Mafela Trust director’s death a blow to ZPRA and ZAPU

The death on Sunday afternoon of Zephaniah Maiwana Nkomo, a former ZPRA intelligence officer and director of ZAPU’s history documentation centre, Mafela Trust, has been described as a big blow to both the party and its military wing.

Nkomo, who worked closely with the late ZAPU president Dumiso Dabengwa, died aged 69 at private health facility in Bulawayo where he had been admitted.

“This is so sad; his death is a big blow to both the party and ZPRA,” ZAPU director of communications, Patrick Ndlovu, told CITE.

“He was still documenting a number of ZPRA issues that have remained undocumented. Since it had been agreed that the vetting process be redone, Nkomo was one of the persons with records and we had hoped he would assist. So many ZPRA cadres were not vetted because of discrimination.”

He said Nkomo was an automatic national hero considering the level at which he operated during the liberation.

“He should not be declared a national hero, he is a national hero,” said Ndlovu.

“This issue of declaration is what has compromised the hero status of people. It is unfortunate that many people for political reasons are not recognised.” 

He added that the late Mafela Trust director was one of the 86 people who were arrested with Dabengwa during the liberation struggle, adding he served four years without trial.

Family spokesperson, Mandla Nkomo, dispelled rumours that the deceased succumbed to Covid-19.

“I know there have been rumours to the effect that he succumbed to this disease (Covid-19) which has claimed many people,” he said.

“But what I want to explain is that upon admission to hospital last week he tested negative for Covid. He tested negative again as he was being transferred to another hospital. He passed away while admitted to Corporate 24 Hospital.”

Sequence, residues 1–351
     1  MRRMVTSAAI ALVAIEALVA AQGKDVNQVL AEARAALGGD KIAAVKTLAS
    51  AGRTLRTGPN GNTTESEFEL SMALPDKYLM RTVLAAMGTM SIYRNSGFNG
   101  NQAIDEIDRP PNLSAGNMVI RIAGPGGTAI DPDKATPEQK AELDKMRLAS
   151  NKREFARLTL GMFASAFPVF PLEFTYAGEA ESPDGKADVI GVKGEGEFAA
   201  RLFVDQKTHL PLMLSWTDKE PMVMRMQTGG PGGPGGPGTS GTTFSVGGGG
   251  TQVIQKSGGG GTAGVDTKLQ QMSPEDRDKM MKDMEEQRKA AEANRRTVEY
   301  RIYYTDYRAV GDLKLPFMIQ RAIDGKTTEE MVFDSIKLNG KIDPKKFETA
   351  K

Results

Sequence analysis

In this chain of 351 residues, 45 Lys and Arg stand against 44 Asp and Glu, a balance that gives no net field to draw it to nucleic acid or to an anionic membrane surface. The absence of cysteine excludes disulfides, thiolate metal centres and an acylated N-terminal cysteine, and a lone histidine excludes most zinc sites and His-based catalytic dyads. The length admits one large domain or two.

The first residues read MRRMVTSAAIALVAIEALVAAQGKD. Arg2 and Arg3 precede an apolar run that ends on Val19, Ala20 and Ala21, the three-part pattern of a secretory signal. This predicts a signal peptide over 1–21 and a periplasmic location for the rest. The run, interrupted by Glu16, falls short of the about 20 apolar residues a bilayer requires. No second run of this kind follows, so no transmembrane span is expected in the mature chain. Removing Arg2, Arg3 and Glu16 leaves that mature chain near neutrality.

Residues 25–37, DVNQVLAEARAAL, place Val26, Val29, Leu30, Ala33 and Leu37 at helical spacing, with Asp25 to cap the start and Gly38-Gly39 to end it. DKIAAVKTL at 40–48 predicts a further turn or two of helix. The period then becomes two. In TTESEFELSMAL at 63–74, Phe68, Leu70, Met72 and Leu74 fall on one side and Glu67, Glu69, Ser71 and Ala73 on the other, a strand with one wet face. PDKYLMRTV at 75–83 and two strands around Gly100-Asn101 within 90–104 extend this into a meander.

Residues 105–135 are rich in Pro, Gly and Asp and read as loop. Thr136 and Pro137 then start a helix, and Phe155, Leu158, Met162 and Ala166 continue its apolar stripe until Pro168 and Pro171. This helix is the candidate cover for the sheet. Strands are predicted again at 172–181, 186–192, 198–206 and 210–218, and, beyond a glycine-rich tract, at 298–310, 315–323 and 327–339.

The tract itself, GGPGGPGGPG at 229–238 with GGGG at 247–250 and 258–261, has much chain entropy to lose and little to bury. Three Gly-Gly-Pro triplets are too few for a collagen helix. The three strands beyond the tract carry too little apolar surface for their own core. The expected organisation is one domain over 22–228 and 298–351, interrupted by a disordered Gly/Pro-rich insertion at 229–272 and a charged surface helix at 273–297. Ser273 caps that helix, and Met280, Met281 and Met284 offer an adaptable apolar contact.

Nkomo said as family members, they were still organising themselves to begin burial preparations adding arrangements would be announced in due course.

The late Zephaniah Maiwana Nkomo was born in Ntoli Communal Lands in the then Bulilima-Mangwe District on 1 May 1951.

He did his primary schooling at the local Ntoli Primary School, up to Standard 6, after which he moved to Bulawayo’s Msitheli Secondary School where he did his O’ Levels.

After completing his O levels he found employment at the Supersonic factory in Bulawayo. However the call to join the liberation struggle became too strong, in 1977, resulting in him joining the struggle in Zambia.

“Cde Zeph Nkomo was a humble, diligent, resourceful, tolerant, and respectful cadre who devoted his life to documenting the story and legacy of ZPRA,” said political analyst and journalist Methuseli Moyo.

“The work he was coordinating was very big. He was never tired. He visited every newsroom in Bulawayo to get journalists to understand and write about the role of ZPRA. I doubt Zimbabwe will ever get someone like him.”

More messages of condolences continued to pour on social media,Monday, following the departure of the ZAPU and ZPRA icon.

Meanwhile, the family has also generated an online link through which members of the public can convey their condolences.

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